Posts Tagged ‘Walter G. Fremont’

This post reviews Adam Laats, “Forging a Fundamentalist ‘One Best System’: Struggles over Curriculum and Educational Philosophy for Christian Day Schools, 1970-1989” in History of Education Quarterly 50, no 1 (February 2010): 55-83. [Read the first page here]

Laats, a professor at the Binghamton University School of Education and respected colleague, here continues a line of research he’s been working on for a good while.  Laats has published several articles about the history of Evangelical Protestants and education, and he has a book coming out soon that explains the long term impact of the Scopes trial on modern America.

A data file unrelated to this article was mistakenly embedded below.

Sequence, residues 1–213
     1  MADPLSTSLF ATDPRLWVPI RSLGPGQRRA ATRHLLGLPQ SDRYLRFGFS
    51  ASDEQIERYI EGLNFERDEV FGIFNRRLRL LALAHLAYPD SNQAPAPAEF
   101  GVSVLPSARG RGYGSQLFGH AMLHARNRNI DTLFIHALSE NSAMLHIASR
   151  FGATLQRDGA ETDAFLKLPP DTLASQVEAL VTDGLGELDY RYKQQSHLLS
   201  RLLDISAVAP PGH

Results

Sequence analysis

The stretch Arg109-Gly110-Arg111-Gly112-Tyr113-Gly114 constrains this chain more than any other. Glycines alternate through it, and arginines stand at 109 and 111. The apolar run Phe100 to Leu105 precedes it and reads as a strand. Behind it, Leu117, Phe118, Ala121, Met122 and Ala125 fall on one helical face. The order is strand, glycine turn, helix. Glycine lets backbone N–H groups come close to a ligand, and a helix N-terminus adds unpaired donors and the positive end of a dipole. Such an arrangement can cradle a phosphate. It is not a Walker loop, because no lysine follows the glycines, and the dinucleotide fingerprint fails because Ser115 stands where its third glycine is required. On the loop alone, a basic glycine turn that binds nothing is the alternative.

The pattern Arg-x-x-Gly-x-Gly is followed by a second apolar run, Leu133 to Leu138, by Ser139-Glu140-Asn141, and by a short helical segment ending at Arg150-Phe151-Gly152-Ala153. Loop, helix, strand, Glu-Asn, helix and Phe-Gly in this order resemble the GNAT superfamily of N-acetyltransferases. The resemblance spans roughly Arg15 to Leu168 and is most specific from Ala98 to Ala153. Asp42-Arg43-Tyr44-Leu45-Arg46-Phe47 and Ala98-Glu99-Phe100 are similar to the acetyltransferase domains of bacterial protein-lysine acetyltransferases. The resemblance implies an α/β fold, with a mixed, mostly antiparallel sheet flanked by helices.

The article under review here is a wonderful study of the three most widely used curricula in the world of conservative Protestant schooling from the 1970s to the present, both among Christian day schools and among homeschoolers.  Laats does not stress the homeschooling application, but his history of these curricula applies just as well to homeschoolers as to the Christian day schools for which they were first developed.


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